Chairs of the academic departments at Jackson State University assembled Nov. 4-5 at the Mississippi e-Center @ JSU for a leadership development workshop featuring academic leadership consultant Dr. Donald Chu.
Chu opened the workshop with a seminar entitled, “The Essentials: What Chairs Need to Know and Do,” addressing such topics as attitude development, chair-faculty collaboration, budget management and leadership roles.
“You are your department,” Chu told the chairs as he explained that they were the core and face of their respective departments. “The most important person is not the chancellor. It’s the department chair.”
Chu also emphasized the need for faculty to express interest in the well being of the students they serve. “Students need faculty support. They need someone to let them know they’re cared for,” Chu said. “College is emotionally straining on first time college students, especially those who don’t know they belong.
“We have a responsibility because of where we’ve been entrusted to do the work,” Chu said. “We’re working with the future, the kids. That’s why we wear the robes. Who wears the robes? The churches, the judges, and us.”
This professional development workshop aided in the university’s path toward excellence.
“Jackson State University realizes that the responsibility of heading an academic department is probably one of the most important and demanding administrative position in higher education,” said Dr. Dorris Robinson-Gardner, dean of Graduate Studies and professor of higher education administration. “Therefore, each year, the university expects to provide a professional development opportunity with an expert for the purpose of assisting in creating stronger academic departments.”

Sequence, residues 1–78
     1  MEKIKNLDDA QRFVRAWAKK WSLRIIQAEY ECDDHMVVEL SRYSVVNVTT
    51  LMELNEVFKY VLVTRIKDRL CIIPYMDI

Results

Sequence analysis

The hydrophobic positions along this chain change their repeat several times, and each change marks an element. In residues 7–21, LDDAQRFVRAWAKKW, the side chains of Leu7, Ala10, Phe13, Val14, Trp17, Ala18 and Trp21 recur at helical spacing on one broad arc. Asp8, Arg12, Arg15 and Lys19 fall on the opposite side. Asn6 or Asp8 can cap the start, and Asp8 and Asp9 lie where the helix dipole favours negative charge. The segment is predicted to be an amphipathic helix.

Chu is the dean of the School of Education at National University, founder of Academic Leadership Consulting, and author of THE DEPARTMENT CHAIR PRIMER: What Chairs Need to Know and Do to Make a Difference. Many of the book’s ideas come from practicing chairs and are proven strategies for dealing with a variety of issues.
Chu has served as dean of the College of Education, Health and Human Services at California State University, San Marcos, and dean of the College of Professional Studies at the University of West Florida. He earned his bachelor’s degree from Oberlin College and his master’s in sociology and Ph.D. in education from Stanford University. Chu has written and edited five books and numerous articles on higher education, sports and the Olympic Games. From 1999 to 2000 Chu was executive fellow in the Office of the Chancellor of the California State University (CSU) System and completed the Harvard Management Development Program. In collaboration with the CSU Statewide Academic Senate, the Office of the Chancellor, Chu conducted the 20 campus CSU Department Chair Surveys (2002) and wrote their associated reports.